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Alice Kitty Lagas, Cathy M Stinear, Winston D Byblow, Bruce R Russel, Robert R Kydd, Benjamin Thompson; The effects of fluoxetine and lorazepam on visual perceptual learning in healthy adults. Invest. Ophthalmol. Vis. Sci. 2014;55(13):783.
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The selective serotonin reuptake inhibitor (SSRI) fluoxetine has been shown to significantly enhance visual cortex plasticity in adult animals. This effect was blocked by administration of a benzodiazepine. The aim of this study was to assess whether fluoxetine would enhance visual perceptual learning in healthy adults and whether the benzodiazepine Lorazepam would reverse this effect.
20 male participants were randomized to a 3 week course of fluoxetine (20mg per day) or placebo. Psychometric functions of performance on a motion direction discrimination task were measured for two different motion directions at baseline and at weekly intervals for 4 weeks after the first drug dose. Transcranial magnetic stimulation was also used to measure phosphene thresholds, an index of visual cortex excitability, at weekly intervals. During the final 5 days of drug administration, participants were trained extensively on the motion discrimination task at a fixed motion direction. Psychometric functions were re-measured the day after training and the following day 2 hours after a single dose of Lorazepam (0.0625 mg). A final set of measurements were made one week after training.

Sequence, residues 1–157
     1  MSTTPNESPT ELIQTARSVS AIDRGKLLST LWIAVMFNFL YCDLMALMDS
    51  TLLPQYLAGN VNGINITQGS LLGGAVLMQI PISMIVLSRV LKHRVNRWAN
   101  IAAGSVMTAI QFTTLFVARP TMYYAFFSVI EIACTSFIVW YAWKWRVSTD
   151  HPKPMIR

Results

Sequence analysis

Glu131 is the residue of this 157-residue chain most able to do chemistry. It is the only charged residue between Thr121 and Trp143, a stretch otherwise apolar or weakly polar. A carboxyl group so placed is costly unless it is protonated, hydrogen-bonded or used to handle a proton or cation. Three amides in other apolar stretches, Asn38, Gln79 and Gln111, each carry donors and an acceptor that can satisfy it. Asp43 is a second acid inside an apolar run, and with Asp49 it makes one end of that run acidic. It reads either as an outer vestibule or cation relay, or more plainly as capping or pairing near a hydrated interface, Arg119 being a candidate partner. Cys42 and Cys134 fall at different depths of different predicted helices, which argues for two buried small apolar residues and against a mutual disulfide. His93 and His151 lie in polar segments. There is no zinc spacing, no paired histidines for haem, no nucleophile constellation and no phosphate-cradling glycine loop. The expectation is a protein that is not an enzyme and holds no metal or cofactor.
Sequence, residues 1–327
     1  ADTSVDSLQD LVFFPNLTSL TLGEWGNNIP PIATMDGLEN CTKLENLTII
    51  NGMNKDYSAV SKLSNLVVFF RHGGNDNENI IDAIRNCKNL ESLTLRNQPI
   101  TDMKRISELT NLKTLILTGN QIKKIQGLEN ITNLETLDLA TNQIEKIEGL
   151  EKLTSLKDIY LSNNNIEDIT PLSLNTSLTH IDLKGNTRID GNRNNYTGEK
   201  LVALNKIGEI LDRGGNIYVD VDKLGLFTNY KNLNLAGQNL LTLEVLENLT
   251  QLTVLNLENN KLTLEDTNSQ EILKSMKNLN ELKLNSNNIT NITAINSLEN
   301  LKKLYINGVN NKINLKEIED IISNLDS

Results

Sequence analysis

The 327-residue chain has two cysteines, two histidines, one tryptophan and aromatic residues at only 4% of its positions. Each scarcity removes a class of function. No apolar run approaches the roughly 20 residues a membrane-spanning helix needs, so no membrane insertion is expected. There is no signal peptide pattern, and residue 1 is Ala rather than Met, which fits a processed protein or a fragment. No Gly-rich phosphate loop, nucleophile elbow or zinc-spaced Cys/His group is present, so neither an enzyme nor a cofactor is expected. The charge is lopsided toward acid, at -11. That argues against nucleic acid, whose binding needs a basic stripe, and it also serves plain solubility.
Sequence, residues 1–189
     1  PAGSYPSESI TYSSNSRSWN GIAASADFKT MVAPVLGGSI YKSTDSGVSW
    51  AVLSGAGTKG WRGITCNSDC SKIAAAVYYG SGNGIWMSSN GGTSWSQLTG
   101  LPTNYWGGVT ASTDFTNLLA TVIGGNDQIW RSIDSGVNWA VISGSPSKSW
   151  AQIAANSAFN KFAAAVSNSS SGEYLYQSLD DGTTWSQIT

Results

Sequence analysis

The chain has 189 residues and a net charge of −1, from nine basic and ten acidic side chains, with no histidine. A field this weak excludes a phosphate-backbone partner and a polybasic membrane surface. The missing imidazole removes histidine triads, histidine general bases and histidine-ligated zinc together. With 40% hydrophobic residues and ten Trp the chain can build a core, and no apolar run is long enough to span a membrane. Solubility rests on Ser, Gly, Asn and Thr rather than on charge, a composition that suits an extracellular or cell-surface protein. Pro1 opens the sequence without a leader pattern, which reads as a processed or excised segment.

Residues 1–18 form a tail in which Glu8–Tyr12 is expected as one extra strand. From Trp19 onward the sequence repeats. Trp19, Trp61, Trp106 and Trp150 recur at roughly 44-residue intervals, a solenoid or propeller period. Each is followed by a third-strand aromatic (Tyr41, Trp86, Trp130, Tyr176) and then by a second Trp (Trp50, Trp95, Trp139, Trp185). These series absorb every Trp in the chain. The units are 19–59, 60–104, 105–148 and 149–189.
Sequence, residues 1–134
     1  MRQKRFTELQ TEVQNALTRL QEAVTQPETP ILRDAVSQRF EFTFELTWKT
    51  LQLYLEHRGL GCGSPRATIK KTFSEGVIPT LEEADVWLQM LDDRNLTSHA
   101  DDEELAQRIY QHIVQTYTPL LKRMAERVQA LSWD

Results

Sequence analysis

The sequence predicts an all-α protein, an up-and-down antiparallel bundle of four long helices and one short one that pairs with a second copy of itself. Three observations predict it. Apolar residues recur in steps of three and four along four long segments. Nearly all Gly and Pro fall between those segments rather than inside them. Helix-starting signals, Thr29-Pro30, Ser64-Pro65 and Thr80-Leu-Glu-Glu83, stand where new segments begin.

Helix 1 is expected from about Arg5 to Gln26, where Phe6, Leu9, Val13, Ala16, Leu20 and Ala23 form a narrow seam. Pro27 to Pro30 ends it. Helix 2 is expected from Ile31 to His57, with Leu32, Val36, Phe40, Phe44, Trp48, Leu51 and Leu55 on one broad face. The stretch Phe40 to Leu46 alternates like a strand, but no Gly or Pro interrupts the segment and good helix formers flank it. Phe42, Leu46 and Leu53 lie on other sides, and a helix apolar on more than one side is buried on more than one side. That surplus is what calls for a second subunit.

There were no significant differences between the placebo and fluoxetine groups in the amount of perceptual learning, the rate of learning or the transfer of learning to the untrained motion direction. However fluoxetine did tend to reduce phosphene thresholds. Lorazepam significantly impaired task performance for the untrained motion direction but not the trained motion direction (F = 3.3, p = 0.04).
Fluoxetine did not enhance perceptual learning; however the fluoxetine group did show a tendency for increased visual cortex excitability. Learning due to transfer was vulnerable to Lorazepam whereas learning due to training was not. This suggests the existence of separate neural mechanisms for learning and transfer within perceptual learning paradigms.
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